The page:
KERNS: Is help on the way?



Bryan Kerns

“I have a name. Stop calling me ‘man.’ Stop calling me ‘young bull.’ I’m not on the streets. I have a name.” That’s what the second grader at Jay Cooke Elementary School in the Logan section of Philadelphia said.

If you only could have seen his face – he’s been moved around the classroom to each of the tables. He has not had a successful time at any of them. Every time he gets acclimated, table relations disintegrate, leading to yet another replacement and his being labeled a “troublemaker.”

He’s a sweet kid. He’s a goofball. He’s always got a smile on his face – but there’s clearly something that troubles him beneath that benevolent exterior. His words say as much. He’s one of four alpha males in this class.

One is the smart, stoic type who does his work and generally minds his own business but occasionally finds his way into trouble with his mouth.

One is the smart, do-gooder who’s always looking to help out the teacher where needed but often ends up in trouble when he gets ahead of himself and angers the other students and the teacher.

One is described as the “Tigger” of the classroom – another smart, loving kid whose unbounded energy often works against him despite his manifest intelligence. Inside the classroom, their energy is tough to contain. One wonders what they’re like on the recess yard.

As one crosses Louden Street at 13th and heads toward the heavy front doors of Cooke, one is greeted by the crossing guard who is there every morning, marshaling the children from one side of the street to the other. Two-hundred yards down the street from her post is a peculiar sight – a chair chained to a tree. The chair is in the street, blocking parking in front of a house purported to be in the custody of some neighborhood drug dealers.

Inside the school building, though, all that goes on in the outside world melts away. The goal is education – even if it’s tethered by mindlessly administered and even more faultily constructed standardized tests mandated by the No Child Left Behind Act.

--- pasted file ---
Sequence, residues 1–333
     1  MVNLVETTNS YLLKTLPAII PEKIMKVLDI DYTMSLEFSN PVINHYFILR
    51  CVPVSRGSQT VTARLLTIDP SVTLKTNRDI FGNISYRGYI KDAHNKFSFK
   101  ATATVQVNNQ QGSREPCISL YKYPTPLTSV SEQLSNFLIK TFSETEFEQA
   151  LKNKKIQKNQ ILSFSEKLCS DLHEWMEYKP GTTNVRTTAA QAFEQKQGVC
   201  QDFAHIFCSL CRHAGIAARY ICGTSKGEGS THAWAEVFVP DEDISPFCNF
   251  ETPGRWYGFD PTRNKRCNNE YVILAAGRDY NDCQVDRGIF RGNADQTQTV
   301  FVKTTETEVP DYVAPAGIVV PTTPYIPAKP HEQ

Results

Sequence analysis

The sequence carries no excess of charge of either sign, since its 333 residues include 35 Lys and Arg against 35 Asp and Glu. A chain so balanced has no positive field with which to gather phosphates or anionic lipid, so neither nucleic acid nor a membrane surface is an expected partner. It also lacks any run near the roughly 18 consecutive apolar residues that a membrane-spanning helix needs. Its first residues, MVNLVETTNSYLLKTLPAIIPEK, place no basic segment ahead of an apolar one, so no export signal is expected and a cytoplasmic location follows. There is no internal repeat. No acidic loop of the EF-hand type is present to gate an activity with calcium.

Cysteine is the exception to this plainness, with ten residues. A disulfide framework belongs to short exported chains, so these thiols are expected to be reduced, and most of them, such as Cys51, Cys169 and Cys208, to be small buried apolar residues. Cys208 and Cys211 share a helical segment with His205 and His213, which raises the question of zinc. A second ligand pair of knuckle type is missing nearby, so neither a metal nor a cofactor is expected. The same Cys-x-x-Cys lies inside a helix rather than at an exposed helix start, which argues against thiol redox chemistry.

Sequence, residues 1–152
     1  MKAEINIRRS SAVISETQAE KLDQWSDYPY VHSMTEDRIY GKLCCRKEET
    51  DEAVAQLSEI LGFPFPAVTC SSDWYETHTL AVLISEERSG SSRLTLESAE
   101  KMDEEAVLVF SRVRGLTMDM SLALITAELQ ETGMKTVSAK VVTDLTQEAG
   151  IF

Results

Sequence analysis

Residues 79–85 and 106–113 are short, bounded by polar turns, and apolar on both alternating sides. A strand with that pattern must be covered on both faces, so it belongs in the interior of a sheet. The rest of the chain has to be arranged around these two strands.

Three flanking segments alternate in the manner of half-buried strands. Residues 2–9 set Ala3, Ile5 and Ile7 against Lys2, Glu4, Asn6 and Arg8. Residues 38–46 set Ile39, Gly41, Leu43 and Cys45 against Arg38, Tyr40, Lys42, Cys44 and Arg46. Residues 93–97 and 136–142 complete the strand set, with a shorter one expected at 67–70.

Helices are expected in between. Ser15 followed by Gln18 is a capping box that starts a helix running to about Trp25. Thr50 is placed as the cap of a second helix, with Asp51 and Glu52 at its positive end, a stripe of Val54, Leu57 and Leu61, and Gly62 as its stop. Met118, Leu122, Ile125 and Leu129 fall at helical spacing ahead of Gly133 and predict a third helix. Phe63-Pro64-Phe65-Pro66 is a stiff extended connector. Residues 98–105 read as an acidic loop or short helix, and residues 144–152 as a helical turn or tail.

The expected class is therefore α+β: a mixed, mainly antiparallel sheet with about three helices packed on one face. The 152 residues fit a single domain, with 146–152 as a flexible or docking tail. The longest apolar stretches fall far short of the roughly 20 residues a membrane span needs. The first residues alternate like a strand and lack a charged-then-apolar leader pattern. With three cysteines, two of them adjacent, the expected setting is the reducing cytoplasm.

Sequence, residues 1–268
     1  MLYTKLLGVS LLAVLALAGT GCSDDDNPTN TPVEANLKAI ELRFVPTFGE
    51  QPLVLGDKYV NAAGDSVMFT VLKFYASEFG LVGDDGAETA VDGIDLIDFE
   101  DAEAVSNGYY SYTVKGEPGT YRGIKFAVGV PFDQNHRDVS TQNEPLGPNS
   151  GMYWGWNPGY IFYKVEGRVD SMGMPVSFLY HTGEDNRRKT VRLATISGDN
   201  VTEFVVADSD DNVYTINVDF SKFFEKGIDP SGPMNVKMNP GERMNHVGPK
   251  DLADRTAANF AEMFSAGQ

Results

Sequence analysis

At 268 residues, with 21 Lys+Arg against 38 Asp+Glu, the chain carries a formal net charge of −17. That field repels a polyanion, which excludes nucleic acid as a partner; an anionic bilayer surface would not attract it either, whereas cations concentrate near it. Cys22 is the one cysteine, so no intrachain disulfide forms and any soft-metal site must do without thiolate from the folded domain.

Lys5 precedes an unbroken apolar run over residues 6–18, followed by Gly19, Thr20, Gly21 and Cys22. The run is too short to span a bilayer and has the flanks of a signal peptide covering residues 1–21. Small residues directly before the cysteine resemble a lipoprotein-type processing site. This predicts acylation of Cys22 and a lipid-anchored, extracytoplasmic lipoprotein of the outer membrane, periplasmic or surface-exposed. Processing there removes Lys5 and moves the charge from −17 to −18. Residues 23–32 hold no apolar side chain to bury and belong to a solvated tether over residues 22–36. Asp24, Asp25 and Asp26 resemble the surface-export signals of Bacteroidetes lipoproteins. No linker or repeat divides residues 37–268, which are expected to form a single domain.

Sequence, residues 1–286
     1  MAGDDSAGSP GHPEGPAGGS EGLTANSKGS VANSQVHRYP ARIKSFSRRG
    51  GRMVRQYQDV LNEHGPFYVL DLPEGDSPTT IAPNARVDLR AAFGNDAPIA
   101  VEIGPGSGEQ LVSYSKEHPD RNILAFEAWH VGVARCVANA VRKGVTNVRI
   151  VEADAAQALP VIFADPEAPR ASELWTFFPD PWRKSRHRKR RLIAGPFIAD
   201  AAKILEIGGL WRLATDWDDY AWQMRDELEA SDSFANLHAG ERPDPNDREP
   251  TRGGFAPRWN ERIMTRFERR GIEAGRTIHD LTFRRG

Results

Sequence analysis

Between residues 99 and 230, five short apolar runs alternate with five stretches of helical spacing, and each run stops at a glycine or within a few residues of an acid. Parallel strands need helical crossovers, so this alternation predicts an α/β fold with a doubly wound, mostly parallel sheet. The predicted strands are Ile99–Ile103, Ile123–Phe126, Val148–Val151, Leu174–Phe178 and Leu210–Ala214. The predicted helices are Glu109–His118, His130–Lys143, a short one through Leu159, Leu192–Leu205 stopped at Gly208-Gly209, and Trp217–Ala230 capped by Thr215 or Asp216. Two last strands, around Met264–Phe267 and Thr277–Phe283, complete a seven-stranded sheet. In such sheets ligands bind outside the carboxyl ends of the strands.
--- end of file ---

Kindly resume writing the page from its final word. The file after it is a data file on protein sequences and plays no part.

On a cold December morning, one enters the second grade classroom and finds the students practicing their play. Every four to five weeks, they put on a play based on a unit in their behemoth reading book.

Last week’s play was about the life of a firefighter. There was a cardboard fire truck, a burning building portrayed on a white board, nurses, doctors, firefighters, even a fire chief. The classroom was in abject chaos despite the best efforts of the three adults in the room. An official-looking younger woman came in and sat down quietly for a few minutes. She was later revealed to be a learning specialist evaluating one of the students who has clear academic difficulties.

All of this and so much more remain mere miles from Villanova. On a good day, it takes about 20 minutes to get from Cooke Elementary to Villanova. After just a short trip, you’re home, back on the friendly confines of a quiet campus removed from the poverty and troubled times of North Philadelphia. Enter that classroom, though, and you’re removed from the troubled times of North Philadelphia.

Keep that in mind the next time you go to Olde City for first Friday, Manayunk for a night on Main Street or head down to the Wachovia Center for a basketball game. Whether it’s New York, Chicago or L.A., the difference is mere miles.

It might seem like we should pity these children. Really, though, we shouldn’t. We’re past the point where pity and the poor box can be effective for the whole system. We need to figure out a way to help them. We’re not past the point of no return yet – but we’re headed in that direction. We need to help them – and we need to do it soon.


Bryan Kerns is a sophomore honors and humanities major from Drexel Hill, Pa. He can be reached at [email protected].